Currently we are tracking thousands of companies, their subsidiaries, and their brands. We monitor their social accounts, as well as the social accounts of their engaged market (over 100M total, and tens of millions active at any given time). This coverage increases daily.  Using natural language processing and machine learning algorithms powered by our industry defining Social Business Design framework and the world’s largest Social Business strategy consultancy, we identify specific behaviors and activities that are being executed by those brands.  We use the execution of those behaviors and associated measures to construct metrics which correlate to brand marketing business outcomes.  We’ve started with Brand Awareness, Brand Love, Brand Mindshare, and Advocacy.  We then benchmark the execution of those measures, metrics, and behaviors against each companies competitors, their industry, best in class, and the market in general.  In aggregate, this gives us a company’s Social Business Index Score and is the basis of the rankings in the index.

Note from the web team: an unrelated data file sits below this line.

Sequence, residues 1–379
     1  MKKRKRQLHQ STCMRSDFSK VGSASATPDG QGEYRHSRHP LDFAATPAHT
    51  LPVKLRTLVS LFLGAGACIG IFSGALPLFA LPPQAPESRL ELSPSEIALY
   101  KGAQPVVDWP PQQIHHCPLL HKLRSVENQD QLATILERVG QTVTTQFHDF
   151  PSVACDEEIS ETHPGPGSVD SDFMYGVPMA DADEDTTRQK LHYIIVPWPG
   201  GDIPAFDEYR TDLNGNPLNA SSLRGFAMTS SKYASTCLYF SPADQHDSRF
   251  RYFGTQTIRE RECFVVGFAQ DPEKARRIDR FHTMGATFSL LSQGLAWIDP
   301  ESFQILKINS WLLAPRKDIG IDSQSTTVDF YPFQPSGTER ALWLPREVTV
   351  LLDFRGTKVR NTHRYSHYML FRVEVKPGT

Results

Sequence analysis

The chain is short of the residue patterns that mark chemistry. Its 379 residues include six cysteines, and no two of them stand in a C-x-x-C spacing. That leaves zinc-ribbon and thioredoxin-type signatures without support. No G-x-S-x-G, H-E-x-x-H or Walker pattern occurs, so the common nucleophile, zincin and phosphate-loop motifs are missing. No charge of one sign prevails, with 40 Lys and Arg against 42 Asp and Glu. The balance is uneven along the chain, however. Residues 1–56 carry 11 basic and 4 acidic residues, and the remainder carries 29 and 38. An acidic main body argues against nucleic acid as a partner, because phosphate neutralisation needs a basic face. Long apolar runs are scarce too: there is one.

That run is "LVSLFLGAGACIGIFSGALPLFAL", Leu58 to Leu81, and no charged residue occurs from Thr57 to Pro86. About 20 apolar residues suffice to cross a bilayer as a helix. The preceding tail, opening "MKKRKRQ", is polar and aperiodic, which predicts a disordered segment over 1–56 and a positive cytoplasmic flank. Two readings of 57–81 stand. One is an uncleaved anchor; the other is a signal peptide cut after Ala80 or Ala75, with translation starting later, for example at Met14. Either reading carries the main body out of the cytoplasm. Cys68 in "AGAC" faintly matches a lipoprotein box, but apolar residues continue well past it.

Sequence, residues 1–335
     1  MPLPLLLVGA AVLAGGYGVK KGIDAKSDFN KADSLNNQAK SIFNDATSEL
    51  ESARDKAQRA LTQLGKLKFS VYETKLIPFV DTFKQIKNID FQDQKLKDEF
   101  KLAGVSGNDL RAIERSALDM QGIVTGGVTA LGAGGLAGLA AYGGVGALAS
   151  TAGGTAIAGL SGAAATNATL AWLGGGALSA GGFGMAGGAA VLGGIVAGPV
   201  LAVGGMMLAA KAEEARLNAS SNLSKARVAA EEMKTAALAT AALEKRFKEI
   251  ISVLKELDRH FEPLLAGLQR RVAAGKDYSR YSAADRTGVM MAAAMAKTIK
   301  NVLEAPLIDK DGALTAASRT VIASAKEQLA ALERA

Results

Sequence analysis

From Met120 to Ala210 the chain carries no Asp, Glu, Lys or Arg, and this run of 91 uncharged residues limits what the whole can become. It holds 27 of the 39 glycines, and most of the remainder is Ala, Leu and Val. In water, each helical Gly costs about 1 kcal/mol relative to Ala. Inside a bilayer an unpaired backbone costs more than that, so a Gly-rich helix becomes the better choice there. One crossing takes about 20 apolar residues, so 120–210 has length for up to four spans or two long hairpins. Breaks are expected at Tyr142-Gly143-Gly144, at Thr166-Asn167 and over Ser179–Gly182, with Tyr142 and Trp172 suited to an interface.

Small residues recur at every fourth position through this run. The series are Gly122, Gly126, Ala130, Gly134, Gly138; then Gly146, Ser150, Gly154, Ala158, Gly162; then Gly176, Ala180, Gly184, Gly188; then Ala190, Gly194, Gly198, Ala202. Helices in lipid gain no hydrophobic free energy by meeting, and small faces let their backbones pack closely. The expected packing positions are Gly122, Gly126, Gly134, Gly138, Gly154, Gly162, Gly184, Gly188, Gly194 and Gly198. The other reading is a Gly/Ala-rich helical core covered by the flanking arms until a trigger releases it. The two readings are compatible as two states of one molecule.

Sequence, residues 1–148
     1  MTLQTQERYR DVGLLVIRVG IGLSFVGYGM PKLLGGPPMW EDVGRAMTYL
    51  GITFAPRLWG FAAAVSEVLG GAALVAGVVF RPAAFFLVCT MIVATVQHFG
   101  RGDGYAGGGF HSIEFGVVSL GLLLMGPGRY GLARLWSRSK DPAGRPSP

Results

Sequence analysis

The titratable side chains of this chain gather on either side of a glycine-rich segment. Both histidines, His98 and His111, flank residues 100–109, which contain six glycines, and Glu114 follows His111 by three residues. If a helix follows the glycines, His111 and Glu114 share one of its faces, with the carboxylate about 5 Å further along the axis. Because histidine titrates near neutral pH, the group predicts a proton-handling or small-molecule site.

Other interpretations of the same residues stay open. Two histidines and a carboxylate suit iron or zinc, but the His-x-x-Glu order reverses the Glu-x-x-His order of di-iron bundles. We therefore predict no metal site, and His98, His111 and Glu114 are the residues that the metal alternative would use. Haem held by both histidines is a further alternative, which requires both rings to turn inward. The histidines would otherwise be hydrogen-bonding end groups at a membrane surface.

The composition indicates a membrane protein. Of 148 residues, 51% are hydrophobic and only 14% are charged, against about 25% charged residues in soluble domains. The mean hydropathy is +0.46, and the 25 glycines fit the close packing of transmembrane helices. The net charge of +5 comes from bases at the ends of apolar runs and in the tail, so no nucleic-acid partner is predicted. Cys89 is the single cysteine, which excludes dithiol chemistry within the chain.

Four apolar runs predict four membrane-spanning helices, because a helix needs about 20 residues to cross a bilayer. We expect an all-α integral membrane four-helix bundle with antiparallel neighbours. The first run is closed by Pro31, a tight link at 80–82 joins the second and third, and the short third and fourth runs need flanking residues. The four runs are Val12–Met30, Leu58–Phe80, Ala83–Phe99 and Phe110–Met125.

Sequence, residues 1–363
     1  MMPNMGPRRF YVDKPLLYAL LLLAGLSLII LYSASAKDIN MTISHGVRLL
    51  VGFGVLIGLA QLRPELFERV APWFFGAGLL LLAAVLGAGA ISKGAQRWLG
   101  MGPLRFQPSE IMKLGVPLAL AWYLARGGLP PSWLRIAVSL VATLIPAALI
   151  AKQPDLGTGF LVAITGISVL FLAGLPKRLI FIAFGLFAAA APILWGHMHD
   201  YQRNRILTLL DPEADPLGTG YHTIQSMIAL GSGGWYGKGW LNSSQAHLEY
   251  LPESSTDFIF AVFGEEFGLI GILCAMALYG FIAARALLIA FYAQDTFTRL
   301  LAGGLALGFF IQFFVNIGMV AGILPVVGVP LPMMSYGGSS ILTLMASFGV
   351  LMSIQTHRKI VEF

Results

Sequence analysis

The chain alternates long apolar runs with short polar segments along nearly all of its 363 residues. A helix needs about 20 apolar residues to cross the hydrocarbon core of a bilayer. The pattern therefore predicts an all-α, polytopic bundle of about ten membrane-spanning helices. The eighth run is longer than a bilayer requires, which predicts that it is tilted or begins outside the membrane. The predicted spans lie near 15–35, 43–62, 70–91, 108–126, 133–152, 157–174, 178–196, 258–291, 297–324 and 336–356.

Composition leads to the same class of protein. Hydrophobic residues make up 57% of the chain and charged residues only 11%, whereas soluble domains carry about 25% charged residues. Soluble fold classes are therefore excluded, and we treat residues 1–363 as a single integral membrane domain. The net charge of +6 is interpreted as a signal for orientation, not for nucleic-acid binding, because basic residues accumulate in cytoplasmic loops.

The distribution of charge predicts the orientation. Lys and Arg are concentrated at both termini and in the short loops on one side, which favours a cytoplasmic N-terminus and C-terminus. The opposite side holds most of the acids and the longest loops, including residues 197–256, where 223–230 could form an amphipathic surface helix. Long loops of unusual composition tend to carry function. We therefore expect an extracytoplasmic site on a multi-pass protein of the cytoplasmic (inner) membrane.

The ability to provide that traceability from behavior to business outcome coupled with comprehensive benchmarking overcomes the two hurdles to measuring performance of marketing in social.  This is the beginning.  We will learn.  We will evolve our approach.  We know things aren’t perfect, but are excited to be at the forefront of this new and interesting world of Social Business Intelligence.  We look forward to learning from all of you and participating in the dialog around uncovering insight in social data, making that data actionable, and then measuring the performance of those actions.

  • mark

    We’ve been wrestling with the issue of measuring ROI for some time – we found this series of posts – and the SB index very interesting

    The fact that you’re undertaking an assessment of a brand’s activity – as well as measuring an effect is also something we’ve come to understand as important – how you are doing that cost effectively I have no idea!